Clements says Kangaroo Island residents are fed up with bearing the brunt of South Australia’s blackouts.
“Reliability of power is 10 times worse on Kangaroo Island than it is on the mainland,” he told InDaily yesterday.
“When the power goes out on the mainland Kangaroo Island is no huge priority. As a result of that, we tend to get more blackouts, more frequently than most regions.”
The cable that provides power to the island from the mainland is getting toward the end of its design life.
Replacing the cable, according to a report prepared by the Institute for Sustainable Futures at the University of Technology Sydney, would cost about $169 million – $10 million more than the estimated the cost of a wind, solar and baseload (diesel or biomass fuel) grid on the island.
But Clements says the island needs both.
“We need to have that umbilical cord from the mainland and the upgrade of that umbilical cord … but we’re pretty intent on going down this renewable energy track, to become an island that’s self-sustaining in every way,” he said.
“There’s a will in the people of Kangaroo Island to be masters of their own destiny. They really don’t trust their energy being [produced] in the private sector.”
But how to pay for both?
On Sunday, Clements attended a public meeting to hear visiting Danish energy specialist Søren Hermansen describe how he led the transformation of Denmark’s Samsø Island to 100 per cent renewable energy by the mid 2000s – and how the experience might apply to KI.
He described a partial community ownership model, in which the residents of Samsø took out small personal bank loans to purchase shares in their own renewable energy grid.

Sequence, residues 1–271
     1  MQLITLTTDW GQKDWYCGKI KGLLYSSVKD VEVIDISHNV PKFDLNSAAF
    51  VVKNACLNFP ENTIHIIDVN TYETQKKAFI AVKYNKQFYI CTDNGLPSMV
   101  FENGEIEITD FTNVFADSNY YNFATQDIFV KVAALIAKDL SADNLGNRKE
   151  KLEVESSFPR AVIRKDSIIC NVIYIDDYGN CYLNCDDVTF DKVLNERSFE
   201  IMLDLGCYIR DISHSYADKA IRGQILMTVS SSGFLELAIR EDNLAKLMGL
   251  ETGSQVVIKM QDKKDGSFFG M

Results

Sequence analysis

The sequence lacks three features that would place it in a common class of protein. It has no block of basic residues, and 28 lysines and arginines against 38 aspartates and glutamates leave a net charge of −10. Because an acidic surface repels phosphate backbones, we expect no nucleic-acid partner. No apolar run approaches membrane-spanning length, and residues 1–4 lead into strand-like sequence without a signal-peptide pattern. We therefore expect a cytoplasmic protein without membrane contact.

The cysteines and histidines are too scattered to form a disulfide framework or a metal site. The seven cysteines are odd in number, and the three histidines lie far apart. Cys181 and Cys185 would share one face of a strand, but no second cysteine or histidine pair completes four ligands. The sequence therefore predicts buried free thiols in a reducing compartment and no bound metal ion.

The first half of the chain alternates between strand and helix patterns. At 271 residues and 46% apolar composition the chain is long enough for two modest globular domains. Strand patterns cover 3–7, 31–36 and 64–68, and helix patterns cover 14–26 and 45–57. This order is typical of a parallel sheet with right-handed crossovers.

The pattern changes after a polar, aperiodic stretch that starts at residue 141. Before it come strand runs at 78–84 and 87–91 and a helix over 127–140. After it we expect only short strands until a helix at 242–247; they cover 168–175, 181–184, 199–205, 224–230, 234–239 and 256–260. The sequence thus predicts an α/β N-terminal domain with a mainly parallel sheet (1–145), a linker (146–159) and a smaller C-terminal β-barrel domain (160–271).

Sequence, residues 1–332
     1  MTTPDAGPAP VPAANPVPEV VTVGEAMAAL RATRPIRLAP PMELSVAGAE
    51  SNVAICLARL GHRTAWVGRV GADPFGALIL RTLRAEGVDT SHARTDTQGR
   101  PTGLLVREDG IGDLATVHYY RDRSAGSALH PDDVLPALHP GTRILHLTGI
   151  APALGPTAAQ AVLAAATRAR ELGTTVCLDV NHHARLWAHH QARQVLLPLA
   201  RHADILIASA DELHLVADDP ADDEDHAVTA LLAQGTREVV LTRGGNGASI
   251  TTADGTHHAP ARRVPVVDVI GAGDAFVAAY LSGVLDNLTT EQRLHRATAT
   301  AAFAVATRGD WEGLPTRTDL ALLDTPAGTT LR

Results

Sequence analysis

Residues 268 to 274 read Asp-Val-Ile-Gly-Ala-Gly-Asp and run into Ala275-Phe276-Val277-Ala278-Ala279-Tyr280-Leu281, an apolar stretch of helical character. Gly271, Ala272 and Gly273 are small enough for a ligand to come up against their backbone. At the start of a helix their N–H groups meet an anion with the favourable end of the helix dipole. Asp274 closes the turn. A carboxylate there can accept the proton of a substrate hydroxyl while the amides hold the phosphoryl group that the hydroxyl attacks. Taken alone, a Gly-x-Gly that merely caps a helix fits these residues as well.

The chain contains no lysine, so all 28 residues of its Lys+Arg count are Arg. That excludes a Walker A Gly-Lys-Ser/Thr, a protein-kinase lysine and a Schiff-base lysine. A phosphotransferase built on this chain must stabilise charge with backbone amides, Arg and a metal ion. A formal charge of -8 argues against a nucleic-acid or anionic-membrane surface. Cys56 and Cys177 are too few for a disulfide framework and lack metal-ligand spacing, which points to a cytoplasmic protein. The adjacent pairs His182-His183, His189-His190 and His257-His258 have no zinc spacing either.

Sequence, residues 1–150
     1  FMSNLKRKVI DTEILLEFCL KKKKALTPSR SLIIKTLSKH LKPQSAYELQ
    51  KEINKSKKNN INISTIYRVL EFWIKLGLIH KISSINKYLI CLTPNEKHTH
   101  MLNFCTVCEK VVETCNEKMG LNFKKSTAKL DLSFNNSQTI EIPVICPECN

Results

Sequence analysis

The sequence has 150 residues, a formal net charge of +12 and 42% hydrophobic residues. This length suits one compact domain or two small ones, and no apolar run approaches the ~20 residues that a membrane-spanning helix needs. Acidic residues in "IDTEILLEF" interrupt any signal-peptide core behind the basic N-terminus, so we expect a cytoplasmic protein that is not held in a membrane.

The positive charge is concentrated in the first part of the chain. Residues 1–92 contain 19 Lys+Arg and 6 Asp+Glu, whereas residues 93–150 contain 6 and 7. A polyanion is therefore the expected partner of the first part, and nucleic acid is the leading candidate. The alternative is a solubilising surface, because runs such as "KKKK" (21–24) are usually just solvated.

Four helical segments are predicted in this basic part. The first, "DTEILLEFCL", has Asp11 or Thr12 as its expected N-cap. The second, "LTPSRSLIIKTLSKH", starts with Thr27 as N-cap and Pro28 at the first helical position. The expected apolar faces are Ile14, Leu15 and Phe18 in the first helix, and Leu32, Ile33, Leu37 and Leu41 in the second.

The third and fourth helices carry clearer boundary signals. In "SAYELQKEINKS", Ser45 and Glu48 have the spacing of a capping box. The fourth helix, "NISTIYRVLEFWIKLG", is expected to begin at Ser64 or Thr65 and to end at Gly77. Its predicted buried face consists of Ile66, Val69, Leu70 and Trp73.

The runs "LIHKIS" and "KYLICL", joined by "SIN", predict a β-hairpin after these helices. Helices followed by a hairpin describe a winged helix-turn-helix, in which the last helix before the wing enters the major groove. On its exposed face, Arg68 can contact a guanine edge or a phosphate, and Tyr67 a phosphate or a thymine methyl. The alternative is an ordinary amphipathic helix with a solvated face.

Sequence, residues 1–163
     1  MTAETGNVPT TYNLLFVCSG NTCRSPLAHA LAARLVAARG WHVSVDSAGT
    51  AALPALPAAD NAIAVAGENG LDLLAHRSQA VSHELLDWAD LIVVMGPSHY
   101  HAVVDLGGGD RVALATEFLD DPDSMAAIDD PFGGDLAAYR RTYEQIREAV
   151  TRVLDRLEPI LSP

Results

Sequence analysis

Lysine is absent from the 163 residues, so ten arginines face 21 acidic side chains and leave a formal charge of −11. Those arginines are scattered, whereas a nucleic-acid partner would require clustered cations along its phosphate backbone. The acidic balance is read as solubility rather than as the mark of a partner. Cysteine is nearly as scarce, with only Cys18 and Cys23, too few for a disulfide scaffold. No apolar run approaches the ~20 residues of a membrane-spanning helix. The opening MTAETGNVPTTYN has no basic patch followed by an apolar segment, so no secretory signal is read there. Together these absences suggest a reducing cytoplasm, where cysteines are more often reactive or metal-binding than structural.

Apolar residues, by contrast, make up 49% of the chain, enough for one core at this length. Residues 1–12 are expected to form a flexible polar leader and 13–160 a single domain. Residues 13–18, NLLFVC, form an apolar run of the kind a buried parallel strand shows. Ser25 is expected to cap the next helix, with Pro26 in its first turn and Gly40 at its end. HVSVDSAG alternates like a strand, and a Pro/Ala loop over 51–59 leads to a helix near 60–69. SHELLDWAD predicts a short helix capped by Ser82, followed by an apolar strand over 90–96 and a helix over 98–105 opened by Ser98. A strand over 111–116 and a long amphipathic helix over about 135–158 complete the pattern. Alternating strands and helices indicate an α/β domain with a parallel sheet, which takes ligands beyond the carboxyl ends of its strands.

Hermansen told InDaily Samsø’s renewable power network is half owned by local residents and half owned by the local government.
Clements said that if “the figures stack up” for the funding model to be replicated on Kangaroo Island, it would allow residents to pay for their own electricity generation, and thus take charge of their own energy future.
He argues the model has the potential to give islanders everything they want: reliable electricity, renewable electricity and a new source of revenue – exporting power to the mainland.
He said the existing undersea cable is only able to push electrons one way – from the mainland to KI – but the new cable would be capable of a two-way transfer.
“We’re hoping to get it to a point where we can push it (power) across the water and (sell) it to the mainland,” he said.
“It’s a tall order, but we’re confident that somewhere down the track we can do that.”
Clements said he blamed much of the state’s energy woes on the privatisation of the Electricity Trust of South Australia in the late ‘90s.
But he said public/community-owned electricity assets would be prepared step up during power crises when private generators would not.
“[Privitisation] was a stupid thing to do 25 years ago,” Clements said.
“There’s really too much greed in the whole sector.
“The public good should always be first and foremost in everybody’s minds, but you can’t marry capitalism [with that].
“We’d be able to fire up … [for] the mainland when they have a shortage.”
Clements’ comments come a day after representatives of Engie – operator of the Pelican Point Power Plant – strenuously denied accusations the company had “gamed” the electricity market by failing to bid into the market the day of the blackout earlier this month.
Clements cautioned that the island would not be able to produce “huge” amounts of power for export, but that it would be possible to produce enough to simultaneously power Kangaroo Island and, for example, Victor Harbor during periods of peak demand.
“There’s no reason why we can’t generate four of five megawatts of [excess] power consistently … [as] an exportable commodity for Kangaroo Island,” he said.
“If we’re exporting four to five MW and we choose our times to do that … we could probably make half a million to a million dollars [annually] exporting power.”
“It’s a ballpark figure.”
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